For many, the creative relevance of 3-D cinema remains very much an open question. But when the history of Hollywood’s 21st century embrace of 3-D is written, it very well may point to this weekend as the moment when the format definitively established its commercial power at the box office.
Despite a moviegoing weekend dominated with R-rated violent thriller-type films ostensibly shooting for the same audience, “The Final Destination” scared up by far the most box office receipts, banking $28.3 million for an easy No. 1 berth, according to early estimates from Hollywood.com Box Office. That’s almost $10 million better than the opening frame for the last film in the creatively-dispatching-model-perfect-unknown-actors franchise (which, for those keeping track, was “Final Destination 3”). There’s really only one reason why: Although just over half its 3,121 theaters were screening the flick in 3-D, fully 70 percent of its box office take was from 3-D theaters, which typically charge an extra few bucks per ticket for the privilege of watching the film with those comfy stereoscopic glasses. Rest assured, despite its title (and its abysmal “C” Cinemascore grade), this is by no means the final “Final Destination” movie. The folks at the The Weinstein Company, meanwhile, continue to enjoy good news for their much scrutinized bottom line: Quentin Tarantino’s “Inglourious Basterds” landed at No. 2 with a rather spectacular $20 million, just 47 percent down from its opening weekend for $73.7 million total.
EW.com: Box office top 10
PopWatch: Why ‘The Final Destination’ is murdering Michael Myers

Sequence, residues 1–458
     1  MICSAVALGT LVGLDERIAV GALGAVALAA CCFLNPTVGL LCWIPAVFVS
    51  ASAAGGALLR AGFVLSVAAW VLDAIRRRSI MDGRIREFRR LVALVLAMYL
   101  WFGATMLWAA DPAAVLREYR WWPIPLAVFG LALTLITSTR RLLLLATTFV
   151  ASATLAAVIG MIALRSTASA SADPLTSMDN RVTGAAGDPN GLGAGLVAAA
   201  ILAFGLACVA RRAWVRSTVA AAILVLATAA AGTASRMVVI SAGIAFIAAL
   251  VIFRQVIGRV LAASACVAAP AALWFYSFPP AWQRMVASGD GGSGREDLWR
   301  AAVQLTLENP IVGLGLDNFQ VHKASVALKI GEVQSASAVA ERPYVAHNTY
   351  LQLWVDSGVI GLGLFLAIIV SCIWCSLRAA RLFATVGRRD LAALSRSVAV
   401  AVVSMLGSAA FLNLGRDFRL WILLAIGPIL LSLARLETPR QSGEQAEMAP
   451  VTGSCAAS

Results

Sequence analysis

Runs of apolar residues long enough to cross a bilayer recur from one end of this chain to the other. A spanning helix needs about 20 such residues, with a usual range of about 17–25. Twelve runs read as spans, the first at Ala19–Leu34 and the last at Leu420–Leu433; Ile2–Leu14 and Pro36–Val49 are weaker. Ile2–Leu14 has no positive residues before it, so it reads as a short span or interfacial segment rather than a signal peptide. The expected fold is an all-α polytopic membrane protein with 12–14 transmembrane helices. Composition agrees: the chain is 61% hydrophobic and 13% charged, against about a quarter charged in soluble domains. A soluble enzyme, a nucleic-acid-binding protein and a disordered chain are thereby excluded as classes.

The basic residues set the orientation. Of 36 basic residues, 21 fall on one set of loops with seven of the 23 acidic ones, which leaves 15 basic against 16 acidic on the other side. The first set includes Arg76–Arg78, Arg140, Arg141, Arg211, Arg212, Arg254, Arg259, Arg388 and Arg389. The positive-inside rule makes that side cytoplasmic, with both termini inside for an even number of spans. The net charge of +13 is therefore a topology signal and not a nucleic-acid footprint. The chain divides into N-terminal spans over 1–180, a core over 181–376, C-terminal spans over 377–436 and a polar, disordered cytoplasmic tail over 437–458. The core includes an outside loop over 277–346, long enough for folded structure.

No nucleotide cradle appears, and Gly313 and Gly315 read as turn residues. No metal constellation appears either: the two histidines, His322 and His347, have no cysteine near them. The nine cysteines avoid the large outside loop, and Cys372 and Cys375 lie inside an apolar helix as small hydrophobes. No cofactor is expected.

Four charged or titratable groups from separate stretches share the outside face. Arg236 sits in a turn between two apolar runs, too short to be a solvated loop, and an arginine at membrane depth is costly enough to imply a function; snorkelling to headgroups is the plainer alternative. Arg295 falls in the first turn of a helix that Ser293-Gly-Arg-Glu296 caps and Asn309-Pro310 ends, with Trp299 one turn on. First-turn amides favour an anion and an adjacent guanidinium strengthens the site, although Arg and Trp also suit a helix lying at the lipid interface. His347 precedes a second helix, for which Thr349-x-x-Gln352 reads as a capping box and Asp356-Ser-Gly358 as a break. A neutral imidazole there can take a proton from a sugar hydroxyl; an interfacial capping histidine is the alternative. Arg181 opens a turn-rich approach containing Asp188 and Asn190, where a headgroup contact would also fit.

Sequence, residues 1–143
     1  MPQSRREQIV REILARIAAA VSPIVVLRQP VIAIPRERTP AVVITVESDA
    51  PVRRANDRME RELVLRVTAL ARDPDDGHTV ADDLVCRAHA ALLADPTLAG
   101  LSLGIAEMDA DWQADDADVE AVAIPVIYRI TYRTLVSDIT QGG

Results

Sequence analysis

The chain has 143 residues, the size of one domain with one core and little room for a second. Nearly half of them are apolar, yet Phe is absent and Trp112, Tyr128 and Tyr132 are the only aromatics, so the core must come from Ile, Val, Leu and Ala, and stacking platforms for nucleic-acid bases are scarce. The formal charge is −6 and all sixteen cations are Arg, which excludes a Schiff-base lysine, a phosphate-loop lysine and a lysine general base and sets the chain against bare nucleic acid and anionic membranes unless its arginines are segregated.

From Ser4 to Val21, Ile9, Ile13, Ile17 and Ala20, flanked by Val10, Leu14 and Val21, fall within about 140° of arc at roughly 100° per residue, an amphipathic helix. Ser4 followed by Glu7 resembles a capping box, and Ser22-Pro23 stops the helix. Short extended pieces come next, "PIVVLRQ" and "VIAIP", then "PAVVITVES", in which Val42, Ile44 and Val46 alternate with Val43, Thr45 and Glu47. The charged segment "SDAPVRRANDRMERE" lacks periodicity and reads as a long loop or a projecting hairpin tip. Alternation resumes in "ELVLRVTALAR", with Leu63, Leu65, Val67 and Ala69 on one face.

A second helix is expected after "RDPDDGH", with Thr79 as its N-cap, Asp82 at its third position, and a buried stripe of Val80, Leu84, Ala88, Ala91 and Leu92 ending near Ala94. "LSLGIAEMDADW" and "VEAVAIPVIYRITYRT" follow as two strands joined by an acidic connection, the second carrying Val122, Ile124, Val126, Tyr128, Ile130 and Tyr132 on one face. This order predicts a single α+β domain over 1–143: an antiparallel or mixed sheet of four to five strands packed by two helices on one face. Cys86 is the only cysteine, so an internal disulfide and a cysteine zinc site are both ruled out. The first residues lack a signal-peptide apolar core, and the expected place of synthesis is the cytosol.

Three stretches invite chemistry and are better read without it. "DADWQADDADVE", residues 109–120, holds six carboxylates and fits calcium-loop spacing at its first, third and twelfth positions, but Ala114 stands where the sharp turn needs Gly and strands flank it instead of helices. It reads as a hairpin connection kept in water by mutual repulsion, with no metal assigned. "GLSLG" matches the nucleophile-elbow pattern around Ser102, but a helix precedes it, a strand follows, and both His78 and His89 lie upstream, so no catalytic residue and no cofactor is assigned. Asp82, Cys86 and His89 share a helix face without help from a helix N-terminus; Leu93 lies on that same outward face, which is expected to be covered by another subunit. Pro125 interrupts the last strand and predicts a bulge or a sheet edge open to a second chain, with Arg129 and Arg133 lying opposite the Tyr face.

TWC’s sister company Dimension Films, meanwhile, saw its “Halloween II” debut at third with a nothing-to-sneeze-at $17.4 million. Granted, director Rob Zombie’s second re-imagining of the 31-years-old slasher franchise made nothing close to the $30.6 million Labor Day weekend debut of Zombie’s first night out with Michael Myers. But given the steep competition, and the film’s $15 million budget, Dimension must be breathing a sigh of relief that their film will most likely see a decent profit. The box office love continued through much of the weekend’s top 10: District 9 dropped just 41 percent with $10.7 million, strong enough to hold on at fourth place and, with a $90.8 mil running total, well on its way to joining the $100 million club. At number five, “G.I. Joe: The Rise of Cobra” banged out $8 million, a 34 percent drop and $132 million total. And Julie & Julia savored a tiny 16 percent drop for sixth, with $7.4 million in its forth weekend for $70.9 million total. In fact, the only true disappointment for the weekend was Focus Features’ “Taking Woodstock.” Director Ang Lee’s trip back to the iconic three-day concert debuted at ninth with just $3.7 million, doubly disappointing since it opened wide in 1,393 theaters (after a Wednesday opening in New York and Los Angeles), with a feeble $2,691 per theater average. By contrast, two limited release debuts did rather well: Vogue magazine documentary “The September Issue” bowed on six screens with a very fashionable $40,000 per theater average; and the extreme-sports-fandom-gone-wrong dramedy “Big Fan” won $13,000 per theater on two screens.